Florida High Court Liberally Construes Self-Insured Retention Endorsement

Thursday, April 10th, 2014

By Robert C. Weill, Sedgwick Fort Lauderdale

The Florida Supreme Court has taken a liberal view of self-insured retentions (SIRs), recently holding that an insured can apply indemnification payments from a third party to satisfy its SIR under a general liability policy. See Intervest Constr. of Jax, Inc. v. Gen. Fid. Ins. Co., 39 Fla. L. Weekly S75, 2014 WL 463309 (Fla. Feb. 6, 2014) (to read the slip opinion click here). The Court decided the case on two certified questions from the Eleventh Circuit Court of Appeals.

General Fidelity issued a general liability insurance policy to a homebuilder with a SIR of $1 million. The SIR endorsement indicated that General Fidelity would provide coverage only after the insured had exhausted the $1 million SIR. The homebuilder contracted with a third-party to, among other things, install attic stairs in a house under construction. The contract between the homebuilder and the subcontractor contained an indemnification provision requiring the subcontractor to indemnify the homebuilder for any damages resulting from the subcontractor’s negligence.

After the house was built, the homeowner fell while using the attic stairs and sued only the homebuilder for her injuries. The homebuilder sought indemnification from the subcontractor. Following mediation the parties and their insurers agreed to settle the homeowner’s claim for $1.6 million with the subcontractor’s insurer paying the homebuilder $1 million to settle the homebuilder’s indemnification claim against the subcontractor; the homebuilder would then pay the $1 million to the homeowner. A dispute then arose as to whether the homebuilder or its insurer was responsible for paying the $600,000 settlement balance.

The homebuilder argued that the $1 million contribution from the subcontractor’s insurer satisfied its SIR obligation, and General Fidelity was required to pay the remaining $600,000. General Fidelity, on the other hand, argued that the $1 million payment to settle the indemnity claim did not reduce the SIR because the payment originated from the subcontractor, not its insured. Thus, General Fidelity maintained that the terms of the policy required its insured—the homebuilder—to pay the additional $600,000 to settle the homeowner’s claim.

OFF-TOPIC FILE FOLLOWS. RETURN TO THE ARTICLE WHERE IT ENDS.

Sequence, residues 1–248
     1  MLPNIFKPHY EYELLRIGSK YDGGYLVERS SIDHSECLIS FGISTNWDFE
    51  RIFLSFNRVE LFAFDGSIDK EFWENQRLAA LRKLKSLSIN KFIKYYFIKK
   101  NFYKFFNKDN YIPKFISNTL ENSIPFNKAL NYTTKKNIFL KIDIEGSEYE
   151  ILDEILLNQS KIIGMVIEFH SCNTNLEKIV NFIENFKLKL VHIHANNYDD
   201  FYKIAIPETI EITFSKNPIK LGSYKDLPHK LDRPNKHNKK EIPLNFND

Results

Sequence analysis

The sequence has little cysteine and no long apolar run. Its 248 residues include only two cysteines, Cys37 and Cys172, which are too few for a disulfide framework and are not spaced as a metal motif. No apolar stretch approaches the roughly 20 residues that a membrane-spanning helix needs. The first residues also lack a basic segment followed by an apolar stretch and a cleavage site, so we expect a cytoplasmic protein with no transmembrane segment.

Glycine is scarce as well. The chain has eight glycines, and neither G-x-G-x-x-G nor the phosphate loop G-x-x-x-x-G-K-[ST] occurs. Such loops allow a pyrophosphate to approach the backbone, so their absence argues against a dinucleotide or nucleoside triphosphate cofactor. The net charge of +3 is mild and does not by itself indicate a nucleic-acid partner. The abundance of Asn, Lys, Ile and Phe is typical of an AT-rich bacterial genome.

The Court adopted the position advanced by General Fidelity. Although the SIR endorsement required the payment to be “made by the insured,” the court looked to other policies’ SIR provisions that contained more restrictive language. These other policies specify that the SIR must be paid from the insured’s “own account” or make clear that payments from additional insureds or insurers could not satisfy the SIR. Because the General Fidelity policy did not employ this more restrictive language, the court took a more expansive view of General Fidelity’s SIR endorsement.

The second prong of the dispute centered around whether the transfer of rights provision in the General Fidelity policy gave General Fidelity priority over its insured to the $1 million that the subcontractor’s insurer paid. If it did, then the homebuilder could not claim the $1 million as satisfying the SIR. The majority found that the provision did not give General Fidelity priority over its insured. The majority rested it conclusion on the fact that the provision “does not address the priority of reimbursement nor does the clause provide that it abrogates the ‘made whole doctrine.’”

Justices Polston and Canady dissented. They believed the majority had “rewritten” the SIR provision “to allow satisfaction of the self-insured retention limit in a manner other than the manner specifically provided for in the policy.” They also characterized the majority’s reasoning as creating a “legal fiction” that “effectively reads the phrase ‘by you’ out of [the SIR endorsement].”

 

Washington Insurance Law: 2013 Year in Review

Tuesday, January 21st, 2014

2013 was a particularly eventful year in Washington insurance law. This paper, authored by Sedgwick Seattle’s Robert Meyers, summarizes the holdings of several notable Washington insurance decisions that were filed in 2013.  Download a copy of the paper here. 

In June 2013, Bob gave a webinar on The State of Bad Faith in Washington.   The WA program, and the others in our bad faith series, are are available for on demand viewing.  Please click here to request a link.

Straight Talking in Texas: The Contractual Liability Exclusion Means What It Says and Says What It Means

Friday, January 17th, 2014

By Kim Steele and Neil Rambin, Sedgwick Dallas

According to prominent insurance commentator, Randy Maniloff, Ewing Construction Co., Inc. v. Amerisure Insurance Co. was “probably the most closely watched coverage case in the country” in 2013.  This is no longer, as the Texas Supreme Court issued its opinion today, reversing the Southern District of Texas’ 2011 decision and holding that the contractual liability exclusion found within the standard CGL policy does not apply to a general contractor’s contractual promise to perform its work in a good and workmanlike manner. Ewing Const. Co., Inc. v. Amerisure Ins. Co., — S.W.3d —- (Tex. Jan 17, 2014) (NO. 12-0661).